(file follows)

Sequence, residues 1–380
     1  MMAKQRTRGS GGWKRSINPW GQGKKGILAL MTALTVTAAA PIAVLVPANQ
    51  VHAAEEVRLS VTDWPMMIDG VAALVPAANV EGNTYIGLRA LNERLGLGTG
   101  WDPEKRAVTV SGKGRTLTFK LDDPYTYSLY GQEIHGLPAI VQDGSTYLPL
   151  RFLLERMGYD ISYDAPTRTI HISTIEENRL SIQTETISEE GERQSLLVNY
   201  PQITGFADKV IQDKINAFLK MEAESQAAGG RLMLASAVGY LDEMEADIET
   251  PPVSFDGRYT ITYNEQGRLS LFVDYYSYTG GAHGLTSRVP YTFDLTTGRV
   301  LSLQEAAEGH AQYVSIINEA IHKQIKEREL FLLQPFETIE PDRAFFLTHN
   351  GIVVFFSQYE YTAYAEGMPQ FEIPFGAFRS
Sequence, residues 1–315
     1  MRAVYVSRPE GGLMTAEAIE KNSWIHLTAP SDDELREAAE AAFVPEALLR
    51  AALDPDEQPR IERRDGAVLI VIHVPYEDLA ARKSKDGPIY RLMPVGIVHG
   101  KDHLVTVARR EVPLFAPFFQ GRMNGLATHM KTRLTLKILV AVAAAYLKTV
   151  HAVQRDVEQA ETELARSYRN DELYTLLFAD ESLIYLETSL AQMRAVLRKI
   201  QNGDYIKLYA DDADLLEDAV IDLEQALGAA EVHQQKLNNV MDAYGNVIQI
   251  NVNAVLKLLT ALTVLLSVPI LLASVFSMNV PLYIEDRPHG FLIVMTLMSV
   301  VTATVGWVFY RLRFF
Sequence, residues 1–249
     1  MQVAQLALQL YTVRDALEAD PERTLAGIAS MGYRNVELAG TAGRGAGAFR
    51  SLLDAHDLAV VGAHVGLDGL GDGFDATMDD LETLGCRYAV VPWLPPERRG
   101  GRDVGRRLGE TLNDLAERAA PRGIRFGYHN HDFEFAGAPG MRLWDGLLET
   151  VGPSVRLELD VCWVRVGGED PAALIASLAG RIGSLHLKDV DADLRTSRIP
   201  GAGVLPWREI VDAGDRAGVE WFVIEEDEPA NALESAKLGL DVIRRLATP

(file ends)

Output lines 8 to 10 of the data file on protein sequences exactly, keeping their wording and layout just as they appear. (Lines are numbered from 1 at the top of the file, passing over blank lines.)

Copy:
   301  LSLQEAAEGH AQYVSIINEA IHKQIKEREL FLLQPFETIE PDRAFFLTHN
   351  GIVVFFSQYE YTAYAEGMPQ FEIPFGAFRS
Sequence, residues 1–315